The unique talent that is Greg Egan has written another novel that barely strains the limits of modern technology in a near-future socio-political world that is more than believable. Cameras are biologically inserted into humans, rendering reporters as close to the definition of the word “witness” as philologists will permit; pharmaceuticals exist which allow a person to be one button away from a desired mood; and fundamentalists and activists emerge from all corners as science replaces religion in the global mindset. Distress contains enough ideas for three novels; imagination does not seem to be a problem for Greg Egan.

The main idea tackled in Distress is: what if a Theory of Everything were not only possible but just around the corner? What effect would this have on society? In order to examine t... Read More

Dark Integers and Other Stories: Humanism and hard science

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Dark Integers and Other Stories by Greg Egan

Though the count may not be high (five stories all told), Greg Egan’s Dark Integers and Other Stories packs a theoretical punch, quite literally. Novellas and novelettes only, the 2008 collection is filled with the author’s trademark hard science speculation. The selections were published between 1995 and 2007; one pair of stories is set within the same universe as his 2008 novel Incandescence, another pair within a near-future Earth setting, and the fifth is set on a water world. The quality of this collection is contentious, and certainly those who appreciate abstract theorizing will enjoy it the most.

The following is a brief summary of the five pieces:

“Luminous” (1995): In a sho... Read More

The Four Thousand, the Eight Hundred: An SF spin on the Trolley Problem

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The Four Thousand, the Eight Hundred by Greg Egan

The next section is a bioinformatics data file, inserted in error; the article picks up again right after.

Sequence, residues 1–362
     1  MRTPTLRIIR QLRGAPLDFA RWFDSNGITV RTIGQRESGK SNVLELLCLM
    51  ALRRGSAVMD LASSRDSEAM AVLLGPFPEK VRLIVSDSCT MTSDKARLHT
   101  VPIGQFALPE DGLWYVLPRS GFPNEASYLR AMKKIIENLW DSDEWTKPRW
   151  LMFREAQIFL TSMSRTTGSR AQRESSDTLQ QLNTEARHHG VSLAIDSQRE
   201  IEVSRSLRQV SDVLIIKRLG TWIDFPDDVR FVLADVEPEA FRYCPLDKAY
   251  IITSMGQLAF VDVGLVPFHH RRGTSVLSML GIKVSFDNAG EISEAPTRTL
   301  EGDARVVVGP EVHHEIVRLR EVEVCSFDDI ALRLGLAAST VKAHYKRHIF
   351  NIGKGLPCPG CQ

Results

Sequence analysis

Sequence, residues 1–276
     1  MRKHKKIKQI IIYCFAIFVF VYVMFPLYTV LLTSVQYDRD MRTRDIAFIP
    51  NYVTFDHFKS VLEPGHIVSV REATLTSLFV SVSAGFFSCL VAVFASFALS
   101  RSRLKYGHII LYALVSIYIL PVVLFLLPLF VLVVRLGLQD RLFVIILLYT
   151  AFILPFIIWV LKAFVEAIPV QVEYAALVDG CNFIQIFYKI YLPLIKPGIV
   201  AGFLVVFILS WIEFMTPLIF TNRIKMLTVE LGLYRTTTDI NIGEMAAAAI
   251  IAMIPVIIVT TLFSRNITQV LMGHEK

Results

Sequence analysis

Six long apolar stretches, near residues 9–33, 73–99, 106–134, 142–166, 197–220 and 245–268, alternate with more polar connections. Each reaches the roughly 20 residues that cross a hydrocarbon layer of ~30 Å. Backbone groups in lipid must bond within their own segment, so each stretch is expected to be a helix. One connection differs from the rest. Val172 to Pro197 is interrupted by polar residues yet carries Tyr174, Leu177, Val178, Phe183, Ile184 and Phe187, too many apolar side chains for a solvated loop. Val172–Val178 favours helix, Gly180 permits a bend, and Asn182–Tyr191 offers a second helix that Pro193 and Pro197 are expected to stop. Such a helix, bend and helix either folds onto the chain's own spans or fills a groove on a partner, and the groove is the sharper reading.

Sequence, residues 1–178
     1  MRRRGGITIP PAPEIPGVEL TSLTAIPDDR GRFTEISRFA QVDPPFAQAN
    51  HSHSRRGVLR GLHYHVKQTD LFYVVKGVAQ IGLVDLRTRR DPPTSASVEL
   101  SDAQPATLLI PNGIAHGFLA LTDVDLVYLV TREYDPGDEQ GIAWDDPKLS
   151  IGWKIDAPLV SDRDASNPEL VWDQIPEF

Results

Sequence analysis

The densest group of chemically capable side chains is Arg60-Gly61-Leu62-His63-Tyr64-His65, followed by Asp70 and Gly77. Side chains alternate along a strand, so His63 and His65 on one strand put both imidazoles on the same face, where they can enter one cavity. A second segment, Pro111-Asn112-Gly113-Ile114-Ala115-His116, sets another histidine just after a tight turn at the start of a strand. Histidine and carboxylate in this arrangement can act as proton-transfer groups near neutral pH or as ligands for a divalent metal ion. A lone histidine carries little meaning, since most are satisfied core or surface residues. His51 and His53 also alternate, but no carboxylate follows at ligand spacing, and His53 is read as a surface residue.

Subterranean Press is one of my favorite publishers because they’re always putting out distinctive speculative fiction that’s beautifully packaged. I especially appreciate the many novellas they publish because I am often in the mood for shorter works these days and novellas give me the opportunity to read authors whose stories I might not otherwise have time for.

The Four Thousand, the Eight Hundred (2016) is Greg Egan’s recent science fiction novella about a woman named Anna who directs the spaceport on the asteroid Ceres. Ceres is being inundated with refugees from Vesta, an asteroid habitat that is in political upheaval. When Vesta demands that Ceres stop harboring its fleeing citizens, and then threatens to stop t... Read More

Magazine Monday: Subterranean Magazine, Winter 2014

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The Winter 2014 issue of Subterranean Magazine was edited by guest editor Jonathan Strahan, the editor of a popular year’s best anthology and a number of other anthologies. He has good taste, as the stories chosen for this issue demonstrate — with the exception of the longest and last piece, a snarky bit of irreligious, virtually plotless prose by Bruce Sterling (about which more below).

“The Scrivener” by Eleanor Arnason is structured as a fairy tale often is, with three daughters each setting out on an errand prescribed by their father. This father wants his daughters to be writers of stories, a goal of his own he has never achieved because, he thinks, he lacks the divine spark necessary to such an endeavor. When his daughters are grown, he takes them to a famous critic, who reads their stories, wh... Read More

More science fiction by Greg Egan

fantasy and science fiction book reviewsDiaspora — (1997) Publisher: The boldest and most wildly speculative writer of our time, Greg Egan has envisioned a quantum Brave New World — a masterful saga of a time when not only human life, but fleshly reality itself, will be nothing but a memory… It is the thirtieth century.The “world” has evolved into a vast network of probes, satellites, and servers knitting the solar system into one scape from the outer planets to the sun. Humanity, too, has reconfigured itself. Most people have chosen immortality, joining the polises to become conscious software. Others have opted for disposable, renewable robotic bodies that remain in contact with the physical world. A few holdouts stubbornly remain fleshers struggling to shape an antiquated existence in the muck and jungle of Earth. And then there is the Orphan, a genderless digital being grown from a mind seed. When an unforeseen disaster ravages the fleshers, it awakens the polises to the possibility of their own extinction from bizarre astrophysical processes that seemingly violate fundamental laws of nature. It is up to the Orphan and a group of refugees to find the knowledge that will save them all–a search that will lead them on a quantum adventure to a higher dimension beyond the macrocosmos….Blood Sisters